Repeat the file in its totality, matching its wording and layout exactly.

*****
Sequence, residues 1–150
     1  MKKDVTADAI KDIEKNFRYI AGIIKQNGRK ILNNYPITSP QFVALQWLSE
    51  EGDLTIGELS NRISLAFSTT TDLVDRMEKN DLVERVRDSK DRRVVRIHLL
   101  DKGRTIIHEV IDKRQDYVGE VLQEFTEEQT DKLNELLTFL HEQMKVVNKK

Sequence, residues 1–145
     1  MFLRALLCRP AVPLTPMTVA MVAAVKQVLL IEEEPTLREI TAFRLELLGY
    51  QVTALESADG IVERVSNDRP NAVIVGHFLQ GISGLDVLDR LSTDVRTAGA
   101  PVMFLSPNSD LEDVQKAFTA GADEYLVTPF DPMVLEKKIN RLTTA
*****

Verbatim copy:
Sequence, residues 1–150
     1  MKKDVTADAI KDIEKNFRYI AGIIKQNGRK ILNNYPITSP QFVALQWLSE
    51  EGDLTIGELS NRISLAFSTT TDLVDRMEKN DLVERVRDSK DRRVVRIHLL
   101  DKGRTIIHEV IDKRQDYVGE VLQEFTEEQT DKLNELLTFL HEQMKVVNKK

Sequence, residues 1–145
     1  MFLRALLCRP AVPLTPMTVA MVAAVKQVLL IEEEPTLREI TAFRLELLGY
    51  QVTALESADG IVERVSNDRP NAVIVGHFLQ GISGLDVLDR LSTDVRTAGA
   101  PVMFLSPNSD LEDVQKAFTA GADEYLVTPF DPMVLEKKIN RLTTA